11/08/2016 16:28 EST | Updated 11/09/2017 00:12 EST

The Latest: Skepticism runs deep among New Hampshire voters

The Latest on Election Day in New Hampshire (all times local):

9:25 p.m.

Many voters in New Hampshire appeared to be skeptical of both major party presidential candidates.

That is one of the findings from preliminary exit poll conducted for The Associated Press and television networks by Edison Research.

Exit polling also showed Democrat Hillary Clinton leading among women, younger voters and college-educated voters. Republican Donald Trump held a lead among men and non-college educated voters.

But more than half of voters held unfavourable views of both Trump and Clinton. About 6 in 10 considered neither candidate fully honest. About 6 in 10 also questioned whether Trump had the proper temperament for the job.

As for issues, Trump voters were most concerned about immigration and terrorism while Clinton voters cared most about foreign policy and the economy.


8:30 p.m.

New Hampshire's secretary of state says he believes turnout in the state this year was higher than in any other presidential election.

Secretary of State Bill Gardner told The Associated Press on Tuesday night that he was basing his projections on "everything I've seen today" and the fact that many towns were beating the numbers they tabulated in 2008 and 2012.

Last week, Gardner predicted a record turnout of 738,000 voters.

Nearly all the polls in New Hampshire closed at 7 p.m., though about 25 remained open until 8 p.m.


7:50 p.m.

New Hampshire officials say they have not seen issues with voter fraud or intimidation in the state.

The offices of the U.S. attorney and the attorney general staffed Election Day hotlines for voter inquiries and complaints.

Assistant U.S. Attorney Mark Zuckerman says some minor glitches came up, which is normal when there's big voter turnout.

A machine that stores and counts ballots temporarily stopped working at a polling place in Manchester on Tuesday morning. Officials went on to collect the paper ballots at the polling place, putting them in a box until the machine was fixed.


7:20 p.m.

Polls are staying open for an extra hour in Dover because the city mistakenly sent an email to voters with the wrong closing time.

Voting was supposed to end at 7 p.m., but the New Hampshire Democratic Party sought a court order requiring polls to remain open until 8 p.m. after the incorrect time was given to voters.

Democratic Party chairman Ray Buckley says they wanted to ensure that all voters were able to exercise their right to vote. He says he's glad a judge granted the motion over an objection filed by the state Republican Party.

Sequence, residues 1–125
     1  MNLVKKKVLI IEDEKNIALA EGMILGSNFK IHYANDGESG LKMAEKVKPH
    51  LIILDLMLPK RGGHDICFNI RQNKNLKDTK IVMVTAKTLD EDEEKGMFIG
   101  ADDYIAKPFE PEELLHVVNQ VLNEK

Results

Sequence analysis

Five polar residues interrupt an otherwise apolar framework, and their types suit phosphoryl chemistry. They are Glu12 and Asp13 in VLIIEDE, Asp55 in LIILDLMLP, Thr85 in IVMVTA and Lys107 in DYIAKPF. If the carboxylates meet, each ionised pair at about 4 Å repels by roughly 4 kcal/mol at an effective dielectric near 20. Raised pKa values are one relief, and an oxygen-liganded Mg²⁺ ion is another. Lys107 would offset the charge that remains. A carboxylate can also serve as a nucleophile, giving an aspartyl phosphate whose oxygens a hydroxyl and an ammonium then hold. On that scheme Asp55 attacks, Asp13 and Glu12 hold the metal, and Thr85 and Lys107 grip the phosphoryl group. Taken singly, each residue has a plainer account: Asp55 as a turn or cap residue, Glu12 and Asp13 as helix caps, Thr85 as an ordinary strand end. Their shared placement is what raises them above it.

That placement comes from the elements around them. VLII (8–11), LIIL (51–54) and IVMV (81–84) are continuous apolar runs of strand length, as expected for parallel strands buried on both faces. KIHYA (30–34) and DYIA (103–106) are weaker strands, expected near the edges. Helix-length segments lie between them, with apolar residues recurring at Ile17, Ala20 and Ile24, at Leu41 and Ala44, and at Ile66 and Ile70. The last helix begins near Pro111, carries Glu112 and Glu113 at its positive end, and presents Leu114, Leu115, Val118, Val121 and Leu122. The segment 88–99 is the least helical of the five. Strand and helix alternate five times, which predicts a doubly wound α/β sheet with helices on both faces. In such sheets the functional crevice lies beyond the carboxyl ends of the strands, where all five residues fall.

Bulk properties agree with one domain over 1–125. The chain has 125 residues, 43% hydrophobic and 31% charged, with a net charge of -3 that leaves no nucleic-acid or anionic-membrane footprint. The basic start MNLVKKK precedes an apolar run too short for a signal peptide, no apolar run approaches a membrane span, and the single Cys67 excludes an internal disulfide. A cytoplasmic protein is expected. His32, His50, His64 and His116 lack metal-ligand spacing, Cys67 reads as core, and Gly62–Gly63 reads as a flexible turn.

1:10 p.m.

State and election officials say a machine that stores and counts ballots temporarily stopped working at a polling place in Manchester, New Hampshire.

The U.S. attorney's office says concerned voters called to report that the machine stopped working Tuesday morning. New Hampshire uses paper ballots. Officials went on to collect them at the polling place, putting them in a box as they figured out how to fix the machine.

The machine was later up and running and accepting ballots. It wasn't immediately known how long it wasn't working.


This story has been corrected to show the U.S. attorney's office received the calls, not the attorney general's office.


9:45 a.m.

Voter turnout is strong at a number of New Hampshire's polls this Election Day.

Lines are well out into the parking lots at some places. In Dover, Foster's Daily Democrat reports there were more than 200 people in line just before 8:30 a.m. at one ward. Rather than force people to stand outside in the cold Tuesday, election officials let voters in and channeled them into a corridor in the building as they waited to vote.

Cars were crammed into other neighbourhoods surrounding the polls.


7:45 a.m.

Lines are long on a frosty morning as voters crowd the polls in New Hampshire to cast their Election Day votes.

Gov. Maggie Hassan, a Democrat challenging Republican incumbent Kelly Ayotte for the U.S. Senate, cast her vote early Tuesday, as did Republican gubernatorial candidate Chris Sununu. He's facing Democratic challenger Colin Van Ostern.

In the 1st Congressional District, Republican U.S. Rep. Frank Guinta is running for re-election against Democrat Carol Shea-Porter, who is hoping to win back her seat. Independent candidate Shawn O'Connor is also running.

In the 2nd Congressional District, Democratic congresswoman Annie Kuster faces Republican challenger Jim Lawrence.

Secretary of State Bill Gardner predicts a record turnout of 738,000 voters.